Find the Rules at Rachael Ritchie’s blog: http://wp.me/p7rsge-cB
Genre: Historical Fiction/Western
The Best of the Best
Bob’s tea cooled on the table beside him. “I bet there isn’t a person alive who hasn’t heard of you. Your husband must be proud.” The young reporter slid to the edge of the armchair. He had not been keeping regular notes. Perspiration beaded his forehead though the temperature wasn’t hot. He drew out an overlarge cloth hankie out of his breast pocket.
Sixty-five-year-old Annie pursed her lips. Hair, like a fluffy cloud, she patted her husband’s hand on the patterned horsehair sofa between them. “Young man, I earned a living doing what I do best. It’s how I met my Frank.” She smiled over her shoulder for a long moment, then switched her attention to the eager visitor.
Bob stuffed the damp hanky into his pants pocket.“But you were a woman. The best sharpshooter ever. How’d you do that?” Pencil in one hand and small writing pad in the other, he waved them around.
“Practice.” She held his gaze. “How’d you learn to read and write?” Her tone signaled he had overstepped.
Coarse blond brows squished together, he pressed back into the chair. “How’d you learn to read and write?” he repeated after her.
She muttered to herself, but the reporter, absorbed, did not understand. “This generation…” She shook her head. Her husband’s laugh sounded like a bark.
“How old were you when you started practicing. I mean how many years did it take to get good, you know?”
“We were poor and had a lot of mouths to feed. Hunting with my father, I trapped small animals for food from the age of five. He died when I was six and by seven or eight, I used his old rifle to hunt. I was good from the start. Natural-like. Mother didn’t like it, but I learned to shoot a variety of guns. I helped feed our household of five siblings and hunted enough game to sell to the grocer.” Annie clasped hands to her chin. “It was hard times. Mother married again but her new husband died soon after and left her with a new baby—another mouth to feed.”
“You were a tomboy with all that hunting, I bet…”
“We were Quakers. I never wore pants like a boy and didn’t climb trees for fun. After supper, we gathered around Mother singing hymns. One melody stayed with me all these years, though I no longer remember the words. By ten I was sent to live at an orphanage. In exchange for work, I received a basic education and learned to sew. The Edingtons were good to me.” Annie closed her eyes and leaned back into the sofa.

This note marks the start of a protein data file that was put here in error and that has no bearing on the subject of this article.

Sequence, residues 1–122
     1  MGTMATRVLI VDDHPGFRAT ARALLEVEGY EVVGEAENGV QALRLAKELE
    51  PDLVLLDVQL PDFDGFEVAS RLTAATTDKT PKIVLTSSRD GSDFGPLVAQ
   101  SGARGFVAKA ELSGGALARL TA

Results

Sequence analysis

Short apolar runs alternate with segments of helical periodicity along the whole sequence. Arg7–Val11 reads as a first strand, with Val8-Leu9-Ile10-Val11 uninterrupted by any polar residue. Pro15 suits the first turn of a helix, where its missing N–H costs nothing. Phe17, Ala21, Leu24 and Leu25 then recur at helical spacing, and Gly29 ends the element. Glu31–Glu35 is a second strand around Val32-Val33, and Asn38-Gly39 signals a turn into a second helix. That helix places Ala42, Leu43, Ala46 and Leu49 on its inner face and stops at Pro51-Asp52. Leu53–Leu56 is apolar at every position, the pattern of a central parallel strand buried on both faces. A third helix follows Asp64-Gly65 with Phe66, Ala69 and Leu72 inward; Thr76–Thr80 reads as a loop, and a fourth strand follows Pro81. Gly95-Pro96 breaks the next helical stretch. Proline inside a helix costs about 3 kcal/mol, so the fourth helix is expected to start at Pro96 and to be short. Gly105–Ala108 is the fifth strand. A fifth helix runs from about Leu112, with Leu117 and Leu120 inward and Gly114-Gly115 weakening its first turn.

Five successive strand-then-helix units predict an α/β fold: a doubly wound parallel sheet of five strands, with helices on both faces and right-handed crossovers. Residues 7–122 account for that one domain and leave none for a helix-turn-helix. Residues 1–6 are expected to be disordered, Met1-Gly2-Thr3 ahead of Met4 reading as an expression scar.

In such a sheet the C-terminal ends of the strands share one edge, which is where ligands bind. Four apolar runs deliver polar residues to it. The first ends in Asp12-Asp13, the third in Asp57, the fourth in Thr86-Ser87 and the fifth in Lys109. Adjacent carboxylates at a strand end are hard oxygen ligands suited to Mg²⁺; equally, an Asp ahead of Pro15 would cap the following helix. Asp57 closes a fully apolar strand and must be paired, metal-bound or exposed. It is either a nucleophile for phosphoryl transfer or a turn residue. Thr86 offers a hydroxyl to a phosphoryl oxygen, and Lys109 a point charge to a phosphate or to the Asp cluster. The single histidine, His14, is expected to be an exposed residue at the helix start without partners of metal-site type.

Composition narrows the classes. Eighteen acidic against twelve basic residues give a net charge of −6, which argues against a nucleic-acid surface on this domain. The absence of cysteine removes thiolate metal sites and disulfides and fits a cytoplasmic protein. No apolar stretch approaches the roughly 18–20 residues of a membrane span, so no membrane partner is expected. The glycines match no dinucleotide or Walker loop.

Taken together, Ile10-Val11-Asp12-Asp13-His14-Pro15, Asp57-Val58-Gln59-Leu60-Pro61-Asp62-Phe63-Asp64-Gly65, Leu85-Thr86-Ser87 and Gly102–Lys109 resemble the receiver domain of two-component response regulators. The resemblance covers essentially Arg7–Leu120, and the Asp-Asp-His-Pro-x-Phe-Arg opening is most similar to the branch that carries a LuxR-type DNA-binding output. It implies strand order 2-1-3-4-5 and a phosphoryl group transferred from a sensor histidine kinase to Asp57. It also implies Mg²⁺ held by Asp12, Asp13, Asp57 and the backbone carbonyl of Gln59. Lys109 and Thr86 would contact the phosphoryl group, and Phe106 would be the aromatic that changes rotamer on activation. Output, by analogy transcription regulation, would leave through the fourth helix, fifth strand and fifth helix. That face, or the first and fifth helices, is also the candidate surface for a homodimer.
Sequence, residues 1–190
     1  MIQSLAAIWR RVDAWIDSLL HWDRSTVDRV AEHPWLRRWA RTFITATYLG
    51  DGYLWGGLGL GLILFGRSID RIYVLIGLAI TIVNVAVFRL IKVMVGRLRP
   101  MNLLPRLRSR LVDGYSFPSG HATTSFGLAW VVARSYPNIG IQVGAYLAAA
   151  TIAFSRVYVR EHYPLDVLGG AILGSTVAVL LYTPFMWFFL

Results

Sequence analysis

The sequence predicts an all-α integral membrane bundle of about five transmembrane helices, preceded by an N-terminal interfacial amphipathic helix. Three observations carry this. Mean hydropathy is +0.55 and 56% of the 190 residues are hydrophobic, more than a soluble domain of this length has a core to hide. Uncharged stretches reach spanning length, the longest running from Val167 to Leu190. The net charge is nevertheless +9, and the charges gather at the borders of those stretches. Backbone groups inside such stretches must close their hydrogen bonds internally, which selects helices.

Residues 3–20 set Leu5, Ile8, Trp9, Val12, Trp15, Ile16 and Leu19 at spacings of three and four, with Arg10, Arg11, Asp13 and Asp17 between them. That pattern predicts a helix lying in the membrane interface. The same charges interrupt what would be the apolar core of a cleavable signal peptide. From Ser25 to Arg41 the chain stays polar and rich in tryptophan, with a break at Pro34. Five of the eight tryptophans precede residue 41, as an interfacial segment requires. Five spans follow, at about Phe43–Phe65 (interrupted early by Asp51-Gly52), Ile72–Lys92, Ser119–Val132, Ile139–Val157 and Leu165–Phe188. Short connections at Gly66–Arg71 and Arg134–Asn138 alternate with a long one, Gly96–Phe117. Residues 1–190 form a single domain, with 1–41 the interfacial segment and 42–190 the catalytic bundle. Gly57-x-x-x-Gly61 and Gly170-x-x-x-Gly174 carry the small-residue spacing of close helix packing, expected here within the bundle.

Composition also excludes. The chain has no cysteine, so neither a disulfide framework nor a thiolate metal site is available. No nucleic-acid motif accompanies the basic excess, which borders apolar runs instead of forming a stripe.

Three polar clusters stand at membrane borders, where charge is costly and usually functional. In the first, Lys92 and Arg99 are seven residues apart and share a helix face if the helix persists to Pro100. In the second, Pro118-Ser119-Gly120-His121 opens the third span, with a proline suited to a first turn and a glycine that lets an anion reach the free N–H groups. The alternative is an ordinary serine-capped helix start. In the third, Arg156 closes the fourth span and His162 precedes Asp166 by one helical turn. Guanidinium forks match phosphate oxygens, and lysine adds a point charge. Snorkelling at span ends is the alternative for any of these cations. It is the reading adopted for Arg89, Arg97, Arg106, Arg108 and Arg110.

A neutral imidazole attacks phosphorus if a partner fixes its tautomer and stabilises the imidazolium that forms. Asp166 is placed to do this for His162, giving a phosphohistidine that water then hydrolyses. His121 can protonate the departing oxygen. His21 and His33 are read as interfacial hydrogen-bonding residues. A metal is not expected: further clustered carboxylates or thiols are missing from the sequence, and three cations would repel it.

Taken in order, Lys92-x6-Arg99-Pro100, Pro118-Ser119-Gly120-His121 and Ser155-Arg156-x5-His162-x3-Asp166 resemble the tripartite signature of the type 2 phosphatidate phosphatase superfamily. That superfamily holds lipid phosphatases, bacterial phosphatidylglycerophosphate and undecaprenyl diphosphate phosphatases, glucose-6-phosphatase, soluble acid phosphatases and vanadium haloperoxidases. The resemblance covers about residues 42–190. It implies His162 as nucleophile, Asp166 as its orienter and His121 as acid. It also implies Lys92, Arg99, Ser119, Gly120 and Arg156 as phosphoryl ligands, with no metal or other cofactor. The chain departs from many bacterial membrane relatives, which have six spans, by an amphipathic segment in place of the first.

“But when did you join Buffalo Bill’s Wild West Show?”
“Mr. Stannard, is it? You are impatient. Some years after I met Ducky, here.” She tipped a shoulder toward Frank. “Do you know how we met? A hotel owner invited me to a shooting contest with the Frank Butler. I was fifteen—and I beat him! And everyone else.” Face aglow, she giggled like a young woman.
“I didn’t mind.” Frank cleared his throat. “Once I laid eyes on that pretty girl, I was lost. Sure better than me.”
“A year later, we married. Been together almost half-a-century. We traveled everywhere: Spain, Italy, and Paris; even to England to perform for Queen Victoria. We still ate a lot of beans.” Annie arched her back and bent forward as if to stand. Her husband, older by ten years, helped her to her feet.
“Wait, are you leaving? I still have many questions…”
“About twenty-five years ago—in 1901 was it? We were in a train wreck. Annie suffered a spinal injury, which paralyzed her for a long while. She had many operations but came back, shooting and performing. The last few years her health has deteriorated. She’s frail and tired.”
“You starred in movies, too, didn’t you?”
Frank gave the reporter a long look, his wife supported in the crook of his elbow. “My wife is not well. Perhaps another time? See yourself out. Good day.” He whisked Annie out of the room.
Bob Stannard remained glued to his chair, blinking. With narrowed eyes, he gaped at the paper and pencil in his hands. Two words stared back at him: Annie Oakley. He grinned. No notes, but he had met the best sharpshooter in the Old West. She doesn’t look so old. Her skin is smooth as a baby’s. I’m coming back.
The screen door slammed on his way out. “Oops, Sorry.”
© 2017 Tess and How the Cookie Crumbles
Images courtesy of Pixabay
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